Stinging Nettle Moss Cake:

A stunningly-magical cake that is also really easy, full of nutrition, and tastes wonderful? This nettle moss cake is the best of all worlds. This cake is a vibrant green without the use of any food coloring and is incredibly easy to decorate. Don’t let the stinging nettles intimidate you; they grow plentifully in the springtime and are completely safe (and very nutritious) to consume once the’ve been cooked. A fresh citrus flavor makes this cake extra scrumptious.


1 1/2 c. shortening or unsalted butter, at room temperature

1 1/2 c. sugar

6 eggs

2 tsp. vanilla

4 Tbs. lemon juice

zest of two lemons

2 c. nettle puree (or spinach puree) - see below

4 c. flour

4 tsp. baking powder

1/2 tsp. salt

1.Preheat your oven to 325F and prepare 2 (9”) cake pans and 1 smaller pan (any shape) by lightly greasing and dusting with flour. Cut out a circle of parchment paper to fit the bottom and grease it as well.
2.In a large bowl, cream the shortening and the sugar. Add the eggs, one at a time, until they are well combined. Add the vanilla, lemon juice, and lemon zest and mix well. Add the nettle puree.
3.In another bowl, sift the flour, baking powder, and salt. Mix well, then mix into the nettle mixture.
4.Pour into baking pans and bake until a toothpick inserted in the center comes out clean, or about 25 minutes.

Douglas Fir Grapefruit Buttercream:

This is an optional flavor, as a simple lemon buttercream would also taste wonderful. I just like to make use of another sprin


1 c. shortening or butter, at room temperature

1/4 tsp. salt (if using unsalted butter or shortening)

1 Tbs. ground fresh Douglas Fir needles

1 1/2 Tbs. grapefruit juice

4-5 cups powdered sugar (1 lb.)

1.Cream the shortening, salt, and fir needles until smooth and creamy. Add 4 cups powdered sugar and mix at low speed until incorporated to make a stiff dough.
2.Add the grapefruit juice and mix until smooth. Assess the consistency and add more powdered sugar or grapefruit juice as desired.
3.To ice and decorate the cake, first allow it to cool completely. With a long bread knife, trim the tops of the cake so that they are flat. Place one cake onto a serving plate and place strips of waxed paper around the cake for easier clean up later.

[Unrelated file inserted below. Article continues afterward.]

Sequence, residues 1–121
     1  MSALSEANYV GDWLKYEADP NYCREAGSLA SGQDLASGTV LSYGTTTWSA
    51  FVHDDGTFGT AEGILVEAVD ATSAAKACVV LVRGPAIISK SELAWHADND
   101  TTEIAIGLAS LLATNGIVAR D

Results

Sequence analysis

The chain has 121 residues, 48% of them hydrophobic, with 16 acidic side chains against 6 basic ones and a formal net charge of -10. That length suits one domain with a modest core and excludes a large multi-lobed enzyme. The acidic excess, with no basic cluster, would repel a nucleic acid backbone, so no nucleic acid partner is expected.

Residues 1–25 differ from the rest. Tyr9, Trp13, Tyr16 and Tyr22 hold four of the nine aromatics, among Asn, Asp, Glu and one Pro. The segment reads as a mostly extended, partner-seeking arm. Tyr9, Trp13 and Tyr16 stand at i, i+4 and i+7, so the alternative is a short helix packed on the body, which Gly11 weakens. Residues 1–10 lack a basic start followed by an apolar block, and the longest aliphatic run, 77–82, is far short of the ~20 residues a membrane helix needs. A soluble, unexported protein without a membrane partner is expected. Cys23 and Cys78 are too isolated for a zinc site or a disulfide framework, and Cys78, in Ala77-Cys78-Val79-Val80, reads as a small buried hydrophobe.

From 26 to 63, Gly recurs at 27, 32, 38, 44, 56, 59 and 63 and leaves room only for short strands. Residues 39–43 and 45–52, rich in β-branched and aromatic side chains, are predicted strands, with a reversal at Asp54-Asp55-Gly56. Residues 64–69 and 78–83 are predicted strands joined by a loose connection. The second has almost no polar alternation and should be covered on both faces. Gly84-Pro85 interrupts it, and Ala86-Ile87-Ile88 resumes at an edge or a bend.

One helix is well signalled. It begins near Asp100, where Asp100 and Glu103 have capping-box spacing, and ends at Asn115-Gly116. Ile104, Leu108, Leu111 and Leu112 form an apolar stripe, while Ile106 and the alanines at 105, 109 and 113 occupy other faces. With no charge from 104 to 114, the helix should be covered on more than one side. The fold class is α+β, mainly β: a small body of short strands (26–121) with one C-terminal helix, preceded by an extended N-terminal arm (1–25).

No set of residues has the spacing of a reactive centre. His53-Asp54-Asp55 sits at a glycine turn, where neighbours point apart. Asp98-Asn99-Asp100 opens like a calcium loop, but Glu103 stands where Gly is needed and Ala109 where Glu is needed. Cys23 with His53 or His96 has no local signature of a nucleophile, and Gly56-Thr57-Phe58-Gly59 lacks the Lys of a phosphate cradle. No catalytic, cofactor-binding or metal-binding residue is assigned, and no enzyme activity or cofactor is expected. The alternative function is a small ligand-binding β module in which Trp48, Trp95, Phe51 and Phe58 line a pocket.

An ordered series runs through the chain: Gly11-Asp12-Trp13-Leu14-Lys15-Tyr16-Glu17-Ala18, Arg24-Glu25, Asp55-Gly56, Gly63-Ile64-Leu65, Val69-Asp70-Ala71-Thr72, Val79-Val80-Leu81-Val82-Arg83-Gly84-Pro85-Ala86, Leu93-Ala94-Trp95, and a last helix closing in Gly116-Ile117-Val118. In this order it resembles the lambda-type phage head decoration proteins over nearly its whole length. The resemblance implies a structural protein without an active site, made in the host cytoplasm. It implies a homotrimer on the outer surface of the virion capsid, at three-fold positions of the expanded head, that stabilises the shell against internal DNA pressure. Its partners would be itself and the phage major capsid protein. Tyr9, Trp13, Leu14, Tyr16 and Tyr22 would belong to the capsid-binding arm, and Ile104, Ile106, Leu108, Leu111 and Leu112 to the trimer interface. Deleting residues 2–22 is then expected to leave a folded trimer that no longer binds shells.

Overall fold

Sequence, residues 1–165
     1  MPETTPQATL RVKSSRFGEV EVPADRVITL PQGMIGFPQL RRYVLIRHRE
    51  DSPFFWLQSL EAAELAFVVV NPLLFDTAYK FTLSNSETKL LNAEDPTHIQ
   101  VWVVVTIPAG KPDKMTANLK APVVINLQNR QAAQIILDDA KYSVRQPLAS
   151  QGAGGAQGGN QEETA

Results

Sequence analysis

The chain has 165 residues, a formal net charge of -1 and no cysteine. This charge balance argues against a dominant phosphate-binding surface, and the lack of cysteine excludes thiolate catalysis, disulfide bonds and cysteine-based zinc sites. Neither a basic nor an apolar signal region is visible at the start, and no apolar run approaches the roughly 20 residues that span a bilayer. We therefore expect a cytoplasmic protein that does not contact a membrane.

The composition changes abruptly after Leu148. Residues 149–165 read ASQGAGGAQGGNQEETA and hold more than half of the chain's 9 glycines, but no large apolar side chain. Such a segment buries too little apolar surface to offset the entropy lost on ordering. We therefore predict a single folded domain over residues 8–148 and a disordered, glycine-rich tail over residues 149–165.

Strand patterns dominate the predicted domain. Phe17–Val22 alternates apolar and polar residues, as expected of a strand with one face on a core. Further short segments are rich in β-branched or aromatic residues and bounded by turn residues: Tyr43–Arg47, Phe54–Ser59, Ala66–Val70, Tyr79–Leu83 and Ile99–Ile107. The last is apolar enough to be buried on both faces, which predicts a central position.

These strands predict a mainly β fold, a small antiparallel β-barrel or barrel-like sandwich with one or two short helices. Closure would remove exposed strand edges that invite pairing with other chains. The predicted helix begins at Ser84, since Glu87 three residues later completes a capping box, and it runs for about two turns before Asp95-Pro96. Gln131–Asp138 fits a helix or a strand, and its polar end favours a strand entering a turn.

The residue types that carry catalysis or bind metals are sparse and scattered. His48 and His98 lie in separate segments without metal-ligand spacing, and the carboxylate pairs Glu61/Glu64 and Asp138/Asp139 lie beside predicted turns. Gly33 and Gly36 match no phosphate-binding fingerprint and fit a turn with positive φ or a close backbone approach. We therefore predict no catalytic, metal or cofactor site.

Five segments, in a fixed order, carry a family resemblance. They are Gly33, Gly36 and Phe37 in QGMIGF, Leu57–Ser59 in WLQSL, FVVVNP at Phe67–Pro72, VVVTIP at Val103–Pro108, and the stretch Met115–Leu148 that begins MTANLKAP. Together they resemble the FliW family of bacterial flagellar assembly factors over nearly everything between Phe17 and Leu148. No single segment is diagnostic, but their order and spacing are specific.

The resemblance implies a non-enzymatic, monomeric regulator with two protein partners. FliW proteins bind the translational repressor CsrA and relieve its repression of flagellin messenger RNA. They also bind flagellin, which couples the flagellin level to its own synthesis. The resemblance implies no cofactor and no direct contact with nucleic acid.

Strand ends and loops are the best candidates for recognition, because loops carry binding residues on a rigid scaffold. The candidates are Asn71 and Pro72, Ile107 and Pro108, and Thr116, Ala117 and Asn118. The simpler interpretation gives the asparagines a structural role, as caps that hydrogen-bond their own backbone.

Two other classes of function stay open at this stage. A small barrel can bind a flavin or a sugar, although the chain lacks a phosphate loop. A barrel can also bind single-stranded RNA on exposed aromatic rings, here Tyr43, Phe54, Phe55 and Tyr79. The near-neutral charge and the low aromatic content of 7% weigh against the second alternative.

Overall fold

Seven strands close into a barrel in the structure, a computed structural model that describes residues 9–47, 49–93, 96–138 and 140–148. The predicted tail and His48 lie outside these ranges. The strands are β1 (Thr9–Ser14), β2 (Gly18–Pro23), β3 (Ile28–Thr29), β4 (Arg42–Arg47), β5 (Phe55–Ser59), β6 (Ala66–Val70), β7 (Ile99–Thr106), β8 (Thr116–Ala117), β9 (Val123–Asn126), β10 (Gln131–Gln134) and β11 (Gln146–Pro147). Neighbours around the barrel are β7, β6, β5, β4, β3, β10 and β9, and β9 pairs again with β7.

4.Spread a layer of frosting over the top of the cake, then carefully set the other cake on top. At this point it can be helpful to place the cake in the fridge for an hour or so for it to firm up. Meanwhile, crumble the scraps from the tops of the cake and the smaller extra cake into coarse crumbs using your hands or a food processor.
5.Spread the rest of the frosting over the entire cake and press the crumbs into the surface to look like moss. Remove the strips of waxed paper and serve!


1. To make stinging nettle puree, pick off all of the leaves (wear gloves!), then boil them for a couple of minutes. Strain and immediately plunge into an ice bath to cool. Puree the cooked leaves into a smooth paste in your blender - you may need to add 1 Tbs. of water to get them to grind properly. To make a spinach puree, just blend raw baby spinach leaves in the blender with enough water to get them to form a smooth puree.

2. Make sure to note the lower baking temperature of this cake. Baking it at a lower temperature for longer helps it retain the fresh green color.

3. If you are unable to forage or purchase stinging nettle, spinach works just as well! And don’t worry about your cake tasting like salad - the green veggies add a very subtle flavor that is accented nicely by the bright citrus. You’ll barely notice them.

As always, if you enjoy my writing and want to support my mission of sharing everyday magic with strangers, please take a look at my Patreon Page to learn about all of the delightful offerings I have there for you!

4 days ago

Notre Dame Cathedral's bees, kept in hives on the historic church's roof, survived the fire earlier this week, the beekeeper says.

"I am so relieved. I saw satellite photos that showed the three hives didn’t burn. I thought they had gone with the cathedral," Nicolas Geant told the Associated Press on Friday.

The 180,000 bees live in three hives on Notre Dame's roof as part of an effort since 2013 to help prevent bee die-off
5 days ago